Friday, August 20, 2010

The Statue of Grand Duke Cosimo III de'Medici

There are any number of misconceptions about the garden. One particularly irksome one is that the statue that dominates the heart of the lower garden is not original to the 16th Century design.  In fact, it was placed there in the 1950s for its protection after the Palazzo Chigi had been damaged during the Second World War.

The statue depicts the Grand Duke Cosimo III de'Medici (1642-1723). The statue was made as a way to thank the Grand Duke for giving the title of Marchese of San Quirico to Cardinal Flavio Chigi in 1677. This portrait was originally set in the ballroom of the Palazzo Chigi. There are many of us who think it should be put back as the finishing touch of a just-completed lengthy restoration of the building.

What really rankles me is that this particular Grand Duke was one of the most reviled of all of the Medici Grand Dukes and, one could say, single-handedly brought the Medici dynasty to an end (not necessarily a bad thing). He was corrupt and fanatically religious. He did away with religious tolerance proclaimed by Ferdinando I back in early 1600s and routinely punishing those who did not obey; public executions were extremely common. During his reign, trade all over Tuscany declined, population decreased substantially by malaria, plague, and food shortages, while taxes were routinely increased [p. 197-201. Hibbert, Christopher: Florence, The Biography of a City, London: Penguin Books, 1993].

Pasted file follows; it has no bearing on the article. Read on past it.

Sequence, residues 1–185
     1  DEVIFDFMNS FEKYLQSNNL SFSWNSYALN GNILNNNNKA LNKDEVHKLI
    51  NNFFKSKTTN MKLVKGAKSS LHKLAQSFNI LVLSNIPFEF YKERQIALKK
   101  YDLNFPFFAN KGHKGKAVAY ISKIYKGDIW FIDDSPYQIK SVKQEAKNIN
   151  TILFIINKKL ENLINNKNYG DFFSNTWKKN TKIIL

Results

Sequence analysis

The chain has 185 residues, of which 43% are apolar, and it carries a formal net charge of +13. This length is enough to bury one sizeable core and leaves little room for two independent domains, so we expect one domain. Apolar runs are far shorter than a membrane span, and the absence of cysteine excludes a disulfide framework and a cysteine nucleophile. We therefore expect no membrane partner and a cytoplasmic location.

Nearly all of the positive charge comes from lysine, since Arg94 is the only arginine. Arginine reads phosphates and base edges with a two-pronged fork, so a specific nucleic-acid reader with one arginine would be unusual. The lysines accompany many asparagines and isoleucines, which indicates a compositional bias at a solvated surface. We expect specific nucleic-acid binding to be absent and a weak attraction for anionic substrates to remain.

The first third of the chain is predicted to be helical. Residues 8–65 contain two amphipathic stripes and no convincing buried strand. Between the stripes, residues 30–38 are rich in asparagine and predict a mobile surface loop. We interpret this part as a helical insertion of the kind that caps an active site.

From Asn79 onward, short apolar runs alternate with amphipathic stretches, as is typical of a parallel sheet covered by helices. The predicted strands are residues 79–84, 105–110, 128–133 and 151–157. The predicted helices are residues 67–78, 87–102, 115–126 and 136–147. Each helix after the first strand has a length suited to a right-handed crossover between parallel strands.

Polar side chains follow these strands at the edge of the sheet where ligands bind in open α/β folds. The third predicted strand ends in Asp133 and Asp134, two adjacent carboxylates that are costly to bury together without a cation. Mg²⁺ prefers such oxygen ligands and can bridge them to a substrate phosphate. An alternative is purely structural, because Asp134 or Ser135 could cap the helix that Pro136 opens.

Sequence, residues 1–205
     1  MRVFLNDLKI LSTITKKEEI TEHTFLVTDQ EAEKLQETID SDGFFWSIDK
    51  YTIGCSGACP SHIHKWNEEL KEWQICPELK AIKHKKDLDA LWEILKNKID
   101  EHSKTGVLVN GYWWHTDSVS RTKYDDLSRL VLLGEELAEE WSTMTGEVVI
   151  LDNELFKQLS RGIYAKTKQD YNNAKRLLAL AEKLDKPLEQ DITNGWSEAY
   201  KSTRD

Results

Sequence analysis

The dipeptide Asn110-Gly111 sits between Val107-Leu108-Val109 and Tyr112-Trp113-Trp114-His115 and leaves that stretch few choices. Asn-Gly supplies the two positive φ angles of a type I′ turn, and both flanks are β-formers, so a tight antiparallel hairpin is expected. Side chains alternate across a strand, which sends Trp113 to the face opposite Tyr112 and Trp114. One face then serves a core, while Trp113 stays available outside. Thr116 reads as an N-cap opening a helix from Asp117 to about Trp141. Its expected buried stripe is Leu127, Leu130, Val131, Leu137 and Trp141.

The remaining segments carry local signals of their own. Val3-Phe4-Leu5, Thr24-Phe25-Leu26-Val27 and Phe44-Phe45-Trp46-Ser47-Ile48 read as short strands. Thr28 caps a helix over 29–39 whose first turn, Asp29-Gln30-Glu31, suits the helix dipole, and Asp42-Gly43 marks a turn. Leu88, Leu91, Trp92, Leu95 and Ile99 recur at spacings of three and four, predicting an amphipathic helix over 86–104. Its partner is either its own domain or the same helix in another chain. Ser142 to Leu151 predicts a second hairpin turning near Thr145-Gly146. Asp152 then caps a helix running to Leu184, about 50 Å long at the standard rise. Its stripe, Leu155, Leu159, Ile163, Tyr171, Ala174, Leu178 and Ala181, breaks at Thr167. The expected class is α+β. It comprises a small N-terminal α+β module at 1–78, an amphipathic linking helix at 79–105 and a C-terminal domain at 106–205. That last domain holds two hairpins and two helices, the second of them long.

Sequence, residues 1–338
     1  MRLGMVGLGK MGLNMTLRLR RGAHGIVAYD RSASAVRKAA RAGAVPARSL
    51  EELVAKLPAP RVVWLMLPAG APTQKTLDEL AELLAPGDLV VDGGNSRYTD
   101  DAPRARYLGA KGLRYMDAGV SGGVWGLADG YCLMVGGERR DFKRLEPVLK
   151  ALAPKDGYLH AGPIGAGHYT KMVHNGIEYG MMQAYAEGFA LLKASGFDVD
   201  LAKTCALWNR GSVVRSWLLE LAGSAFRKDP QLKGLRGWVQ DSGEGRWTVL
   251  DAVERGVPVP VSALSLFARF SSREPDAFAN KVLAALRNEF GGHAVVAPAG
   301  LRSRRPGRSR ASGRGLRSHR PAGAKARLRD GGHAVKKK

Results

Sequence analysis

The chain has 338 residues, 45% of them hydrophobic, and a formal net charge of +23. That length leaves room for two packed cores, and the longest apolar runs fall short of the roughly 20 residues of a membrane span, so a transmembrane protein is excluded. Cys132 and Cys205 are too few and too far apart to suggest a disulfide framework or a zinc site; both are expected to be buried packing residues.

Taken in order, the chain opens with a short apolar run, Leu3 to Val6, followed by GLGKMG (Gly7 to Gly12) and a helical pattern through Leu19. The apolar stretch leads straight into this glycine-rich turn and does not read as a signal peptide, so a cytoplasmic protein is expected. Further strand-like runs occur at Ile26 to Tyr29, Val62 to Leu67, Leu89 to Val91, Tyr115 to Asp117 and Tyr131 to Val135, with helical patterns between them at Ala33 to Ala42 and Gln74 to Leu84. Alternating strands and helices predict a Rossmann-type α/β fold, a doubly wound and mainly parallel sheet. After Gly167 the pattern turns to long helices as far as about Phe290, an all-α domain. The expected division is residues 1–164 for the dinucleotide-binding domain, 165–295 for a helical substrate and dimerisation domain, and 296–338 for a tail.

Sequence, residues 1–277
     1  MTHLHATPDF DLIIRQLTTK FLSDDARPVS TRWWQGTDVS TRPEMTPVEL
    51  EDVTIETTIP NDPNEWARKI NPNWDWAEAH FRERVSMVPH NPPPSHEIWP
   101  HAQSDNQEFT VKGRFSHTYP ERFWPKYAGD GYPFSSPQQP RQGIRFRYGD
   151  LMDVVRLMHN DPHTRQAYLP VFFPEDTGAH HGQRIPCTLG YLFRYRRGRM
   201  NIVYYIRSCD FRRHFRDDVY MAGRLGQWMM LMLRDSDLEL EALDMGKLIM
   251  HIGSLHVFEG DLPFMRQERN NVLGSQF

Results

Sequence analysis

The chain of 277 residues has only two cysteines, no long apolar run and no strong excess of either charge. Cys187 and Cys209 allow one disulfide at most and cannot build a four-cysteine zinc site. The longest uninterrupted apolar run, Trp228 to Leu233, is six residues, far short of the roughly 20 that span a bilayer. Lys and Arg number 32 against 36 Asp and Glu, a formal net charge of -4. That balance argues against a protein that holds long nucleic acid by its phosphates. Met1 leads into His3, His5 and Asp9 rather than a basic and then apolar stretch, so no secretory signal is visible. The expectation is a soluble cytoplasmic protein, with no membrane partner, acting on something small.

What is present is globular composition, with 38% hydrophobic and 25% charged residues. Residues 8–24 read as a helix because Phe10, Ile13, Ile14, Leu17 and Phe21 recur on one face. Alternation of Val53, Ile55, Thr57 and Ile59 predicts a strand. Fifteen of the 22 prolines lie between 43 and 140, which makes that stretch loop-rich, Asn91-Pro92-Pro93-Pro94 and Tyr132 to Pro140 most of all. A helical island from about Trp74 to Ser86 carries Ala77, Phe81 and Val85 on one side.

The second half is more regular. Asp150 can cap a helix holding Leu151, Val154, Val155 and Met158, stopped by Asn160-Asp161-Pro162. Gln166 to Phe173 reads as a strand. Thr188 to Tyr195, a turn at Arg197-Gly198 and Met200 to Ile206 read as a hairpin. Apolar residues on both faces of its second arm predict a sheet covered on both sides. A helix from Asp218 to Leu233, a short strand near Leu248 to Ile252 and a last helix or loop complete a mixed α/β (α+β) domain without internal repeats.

So why does this despicable ruler have a place of honor in this utterly unique place?

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